It’s Time for the Money Talk
As a nation, we’re a tight-lipped bunch when it comes to our money. Talking about how much we have and what we do with it is considered to be a major faux pas in most circles.
It’s time to start talking…at least to the people who need to know. Direct conversation with your adult children or executor of your estate about your financial picture can not only provide them with crucial information later, but it can also ensure that your wishes are heard, acknowledged and carried out.
If at all possible, it’s crucial to have these conversations before they’re needed. It’s also important to include all stakeholders in the discussion, not just the person(s) you’ve designated to handle your affairs after you’re gone.
Your conversation should answer these questions for your loved ones:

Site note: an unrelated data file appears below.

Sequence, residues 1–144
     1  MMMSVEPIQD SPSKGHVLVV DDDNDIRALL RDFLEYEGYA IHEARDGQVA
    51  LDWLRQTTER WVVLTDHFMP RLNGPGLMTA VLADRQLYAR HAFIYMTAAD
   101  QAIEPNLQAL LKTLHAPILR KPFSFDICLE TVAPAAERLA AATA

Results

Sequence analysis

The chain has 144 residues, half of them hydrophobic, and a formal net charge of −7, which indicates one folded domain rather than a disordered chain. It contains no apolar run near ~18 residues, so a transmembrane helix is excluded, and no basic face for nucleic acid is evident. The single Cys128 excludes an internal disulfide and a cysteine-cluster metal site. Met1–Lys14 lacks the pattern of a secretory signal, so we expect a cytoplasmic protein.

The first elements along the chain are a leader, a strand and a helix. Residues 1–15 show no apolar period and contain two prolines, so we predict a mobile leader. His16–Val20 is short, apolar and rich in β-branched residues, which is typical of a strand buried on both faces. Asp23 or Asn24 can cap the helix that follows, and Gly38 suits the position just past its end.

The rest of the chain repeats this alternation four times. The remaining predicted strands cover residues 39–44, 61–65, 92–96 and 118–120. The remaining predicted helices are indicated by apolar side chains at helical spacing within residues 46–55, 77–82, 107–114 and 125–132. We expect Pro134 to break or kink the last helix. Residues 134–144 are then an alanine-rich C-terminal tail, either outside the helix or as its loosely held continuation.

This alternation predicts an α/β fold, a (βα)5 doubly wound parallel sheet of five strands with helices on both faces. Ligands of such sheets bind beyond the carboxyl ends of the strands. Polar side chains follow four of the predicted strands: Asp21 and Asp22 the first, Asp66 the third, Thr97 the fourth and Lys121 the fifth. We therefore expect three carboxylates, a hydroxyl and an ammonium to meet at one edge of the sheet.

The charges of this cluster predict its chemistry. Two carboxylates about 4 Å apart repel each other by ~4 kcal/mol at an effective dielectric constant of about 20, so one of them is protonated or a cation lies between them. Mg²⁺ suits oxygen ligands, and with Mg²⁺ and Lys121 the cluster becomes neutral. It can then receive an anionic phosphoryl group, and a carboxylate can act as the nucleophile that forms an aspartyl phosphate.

Who do you want handling your finances?
If you have multiple adult children, appoint one to act as point person. Engage all of the family members in the choice or explain your reasons for your choice to everyone involved to soothe hurt feelings.
What do you want for your later years?
Your goals for retirement might be to live in your house as long as you can, or maybe downsize to a smaller home in two years. Communicate these wishes to your family. It can assist them in making decisions about your care later one, if needed.
What accounts or policies do you have?
Life insurance, long-term care policies, retirement accounts, checking accounts…your designees should know what kind of accounts you have. They should also know who to contact about the accounts in your absence.
Have you made any arrangements for burial services?
Do you have a power of attorney or a will?
Your designees should know who has power of attorney for you, if you have one in place. They should also be informed if you have a will and where it’s located, or who they can contact about it.
Who is getting your money?
You don’t have to designate how much, but this is an especially important point if you’re planning on giving money after your death to someone outside your family. Setting inheritance expectations now can help reduce potential family conflict after you’re gone.